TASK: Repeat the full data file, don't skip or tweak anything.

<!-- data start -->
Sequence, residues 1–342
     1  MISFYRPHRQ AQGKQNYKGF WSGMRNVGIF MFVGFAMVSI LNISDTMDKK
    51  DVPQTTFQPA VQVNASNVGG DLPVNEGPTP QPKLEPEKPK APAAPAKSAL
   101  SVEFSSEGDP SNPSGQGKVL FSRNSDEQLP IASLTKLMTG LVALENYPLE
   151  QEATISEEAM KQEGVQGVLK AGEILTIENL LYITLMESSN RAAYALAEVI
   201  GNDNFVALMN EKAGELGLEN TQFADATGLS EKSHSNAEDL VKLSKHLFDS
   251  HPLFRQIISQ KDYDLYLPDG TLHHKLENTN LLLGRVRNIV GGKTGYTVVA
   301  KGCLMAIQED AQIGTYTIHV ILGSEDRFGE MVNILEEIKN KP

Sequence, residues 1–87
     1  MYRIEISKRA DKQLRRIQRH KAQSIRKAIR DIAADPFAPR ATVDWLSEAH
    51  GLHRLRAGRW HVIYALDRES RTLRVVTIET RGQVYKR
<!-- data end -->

Sequence, residues 1–342
     1  MISFYRPHRQ AQGKQNYKGF WSGMRNVGIF MFVGFAMVSI LNISDTMDKK
    51  DVPQTTFQPA VQVNASNVGG DLPVNEGPTP QPKLEPEKPK APAAPAKSAL
   101  SVEFSSEGDP SNPSGQGKVL FSRNSDEQLP IASLTKLMTG LVALENYPLE
   151  QEATISEEAM KQEGVQGVLK AGEILTIENL LYITLMESSN RAAYALAEVI
   201  GNDNFVALMN EKAGELGLEN TQFADATGLS EKSHSNAEDL VKLSKHLFDS
   251  HPLFRQIISQ KDYDLYLPDG TLHHKLENTN LLLGRVRNIV GGKTGYTVVA
   301  KGCLMAIQED AQIGTYTIHV ILGSEDRFGE MVNILEEIKN KP

Sequence, residues 1–87
     1  MYRIEISKRA DKQLRRIQRH KAQSIRKAIR DIAADPFAPR ATVDWLSEAH
    51  GLHRLRAGRW HVIYALDRES RTLRVVTIET RGQVYKR